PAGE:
When it comes to photographers, there seem to be those that dabble in a bit of everything and there are those that shoot one and only one genre. It's a difference of mindset and of perspective, but is either better than the other or does it boil down to a matter of preference? Is there a clear cut benefit for either stance? I'm a one-track mind type of guy and I'm here to tell you that it doesn't bother me one bit.
Sit down, strap in, and buckle up. This video is a long one but for those who can find 47 minutes to spare and watch this video you'll be rewarded with a casual insight and genuine conversation into the work space of premier hand-painted Backdrop Artist Sarah Oliphant alongside world-renowned Headshot Photographer Peter Hurley. If you've ever considered shooting on a painted backdrop, you'll undoubtedly find this video an interesting watch.
There seems to be a surprising amount of contention relating to whether or not you should watermark your images. Some people are adamant that yes, you absolutely need to put your stamp, so to speak, on images that you're putting out there online. Other people feel that a watermark is tacky, or that somehow it's presence cheapens the quality of the image that it has been applied to. As I have found with most things in life, context is king when it comes to watermarks.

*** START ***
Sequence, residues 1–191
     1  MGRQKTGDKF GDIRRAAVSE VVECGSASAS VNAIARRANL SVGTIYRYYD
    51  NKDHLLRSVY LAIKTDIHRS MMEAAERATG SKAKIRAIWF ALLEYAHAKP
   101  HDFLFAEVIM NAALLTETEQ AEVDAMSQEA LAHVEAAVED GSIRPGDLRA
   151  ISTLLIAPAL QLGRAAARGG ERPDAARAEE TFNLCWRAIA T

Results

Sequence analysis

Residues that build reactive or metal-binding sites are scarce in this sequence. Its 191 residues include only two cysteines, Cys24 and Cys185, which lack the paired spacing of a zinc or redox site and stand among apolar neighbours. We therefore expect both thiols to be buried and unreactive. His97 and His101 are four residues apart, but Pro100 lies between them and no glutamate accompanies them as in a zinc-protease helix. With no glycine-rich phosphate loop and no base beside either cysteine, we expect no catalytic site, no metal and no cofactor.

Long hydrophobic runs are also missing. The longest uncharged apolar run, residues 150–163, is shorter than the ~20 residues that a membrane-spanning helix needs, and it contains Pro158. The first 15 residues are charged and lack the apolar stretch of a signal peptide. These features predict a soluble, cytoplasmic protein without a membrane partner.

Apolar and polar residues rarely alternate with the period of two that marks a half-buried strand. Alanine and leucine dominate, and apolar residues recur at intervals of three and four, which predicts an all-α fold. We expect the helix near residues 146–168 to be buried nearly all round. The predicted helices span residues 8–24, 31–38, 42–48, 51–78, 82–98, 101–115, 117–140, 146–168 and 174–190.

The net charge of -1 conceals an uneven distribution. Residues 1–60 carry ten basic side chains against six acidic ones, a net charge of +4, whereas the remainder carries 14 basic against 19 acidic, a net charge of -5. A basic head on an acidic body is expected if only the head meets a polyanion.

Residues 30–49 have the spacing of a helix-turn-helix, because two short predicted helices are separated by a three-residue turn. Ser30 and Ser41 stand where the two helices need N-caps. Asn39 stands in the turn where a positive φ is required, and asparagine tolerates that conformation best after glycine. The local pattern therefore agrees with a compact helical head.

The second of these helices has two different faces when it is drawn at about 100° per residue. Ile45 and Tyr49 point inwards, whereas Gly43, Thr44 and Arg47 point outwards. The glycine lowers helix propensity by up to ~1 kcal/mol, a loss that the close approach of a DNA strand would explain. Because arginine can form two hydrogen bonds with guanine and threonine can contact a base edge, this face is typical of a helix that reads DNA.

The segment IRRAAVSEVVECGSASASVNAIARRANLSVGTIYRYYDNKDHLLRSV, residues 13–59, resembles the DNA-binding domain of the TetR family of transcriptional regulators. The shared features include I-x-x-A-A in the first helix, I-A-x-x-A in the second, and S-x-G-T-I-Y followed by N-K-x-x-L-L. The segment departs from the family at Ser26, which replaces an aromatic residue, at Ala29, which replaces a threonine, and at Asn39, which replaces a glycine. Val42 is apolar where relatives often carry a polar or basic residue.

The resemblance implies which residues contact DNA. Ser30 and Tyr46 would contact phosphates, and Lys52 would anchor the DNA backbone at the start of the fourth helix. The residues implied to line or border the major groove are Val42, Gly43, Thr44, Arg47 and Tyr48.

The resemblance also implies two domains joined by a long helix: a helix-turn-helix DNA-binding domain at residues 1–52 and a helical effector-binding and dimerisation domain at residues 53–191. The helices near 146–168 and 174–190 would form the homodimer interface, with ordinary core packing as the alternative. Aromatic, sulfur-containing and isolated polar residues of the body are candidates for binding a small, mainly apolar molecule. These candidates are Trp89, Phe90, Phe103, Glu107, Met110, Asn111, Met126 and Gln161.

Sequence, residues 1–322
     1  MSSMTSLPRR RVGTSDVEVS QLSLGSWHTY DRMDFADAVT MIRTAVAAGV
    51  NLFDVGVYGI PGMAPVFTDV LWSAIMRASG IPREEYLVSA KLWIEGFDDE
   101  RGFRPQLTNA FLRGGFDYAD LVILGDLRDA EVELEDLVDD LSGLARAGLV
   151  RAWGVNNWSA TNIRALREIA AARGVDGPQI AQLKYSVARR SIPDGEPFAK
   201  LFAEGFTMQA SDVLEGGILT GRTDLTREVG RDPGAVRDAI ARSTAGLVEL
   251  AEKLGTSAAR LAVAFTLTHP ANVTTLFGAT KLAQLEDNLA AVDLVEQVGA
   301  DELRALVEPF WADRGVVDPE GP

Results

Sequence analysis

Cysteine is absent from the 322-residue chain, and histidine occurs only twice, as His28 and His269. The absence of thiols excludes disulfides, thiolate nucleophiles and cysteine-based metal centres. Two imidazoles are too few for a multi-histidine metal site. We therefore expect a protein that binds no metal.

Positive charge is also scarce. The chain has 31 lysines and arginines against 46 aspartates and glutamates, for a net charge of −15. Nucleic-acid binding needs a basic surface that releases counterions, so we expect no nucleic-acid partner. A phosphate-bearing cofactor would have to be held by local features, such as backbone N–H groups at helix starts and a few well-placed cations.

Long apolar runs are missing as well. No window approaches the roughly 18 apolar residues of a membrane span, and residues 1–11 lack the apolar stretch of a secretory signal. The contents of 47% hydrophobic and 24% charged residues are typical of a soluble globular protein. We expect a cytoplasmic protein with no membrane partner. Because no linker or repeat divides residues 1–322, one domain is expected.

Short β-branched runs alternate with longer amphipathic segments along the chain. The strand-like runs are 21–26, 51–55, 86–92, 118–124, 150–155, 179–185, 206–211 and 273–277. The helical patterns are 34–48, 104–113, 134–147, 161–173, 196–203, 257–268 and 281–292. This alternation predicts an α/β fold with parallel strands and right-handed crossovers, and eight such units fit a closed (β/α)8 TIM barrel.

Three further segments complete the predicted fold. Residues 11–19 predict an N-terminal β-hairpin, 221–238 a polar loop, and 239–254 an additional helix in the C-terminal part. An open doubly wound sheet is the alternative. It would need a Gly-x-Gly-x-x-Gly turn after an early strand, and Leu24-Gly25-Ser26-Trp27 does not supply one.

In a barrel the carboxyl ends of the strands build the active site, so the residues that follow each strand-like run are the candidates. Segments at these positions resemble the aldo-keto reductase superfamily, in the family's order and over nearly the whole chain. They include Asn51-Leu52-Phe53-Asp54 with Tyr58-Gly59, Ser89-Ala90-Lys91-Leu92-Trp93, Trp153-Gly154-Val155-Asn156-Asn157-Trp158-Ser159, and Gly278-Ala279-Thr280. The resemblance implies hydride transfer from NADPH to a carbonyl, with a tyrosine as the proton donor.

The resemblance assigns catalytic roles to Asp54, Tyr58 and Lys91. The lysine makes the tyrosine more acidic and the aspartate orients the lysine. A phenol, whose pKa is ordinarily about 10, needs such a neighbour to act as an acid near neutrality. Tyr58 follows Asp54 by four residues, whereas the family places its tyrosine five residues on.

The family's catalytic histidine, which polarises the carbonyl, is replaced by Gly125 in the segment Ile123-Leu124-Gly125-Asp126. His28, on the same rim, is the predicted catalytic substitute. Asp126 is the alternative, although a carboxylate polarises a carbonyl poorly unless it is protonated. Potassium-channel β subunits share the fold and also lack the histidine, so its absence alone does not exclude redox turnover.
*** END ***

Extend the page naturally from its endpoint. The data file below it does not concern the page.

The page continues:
You know that someone somewhere did a great job of marketing when it's late at night and something pops into your head, from who knows where, and you find yourself jumping online to make a small new purchase. No, I'm not talking about an expensive new lens or shiny new piece of gear; I'm talking about what amounts to an inexpensive accessory that tags along on your photo sessions. It adds something fun and tangible all while being almost impossible not to have a good time with. I'm talking about those Poloroid-esque mini cameras that seem to be making a big time comeback these days.
That thing that everyone keeps talking about — The creative fuel for your creative fire? Where exactly does that come from? If you're looking for the short and sweet answer, it comes from wherever the hell you want it to. It comes from music, movies, television, books, nature, cities, and the people all around you. It comes from the weirdest and most random places. Sometimes it hits you like a truck and you know right away; “Holy shit, I just got inspired!” Other times it's much more subtle and you don't realize for a few days or weeks, maybe even months that something happened and you've got your creative wheels spinning.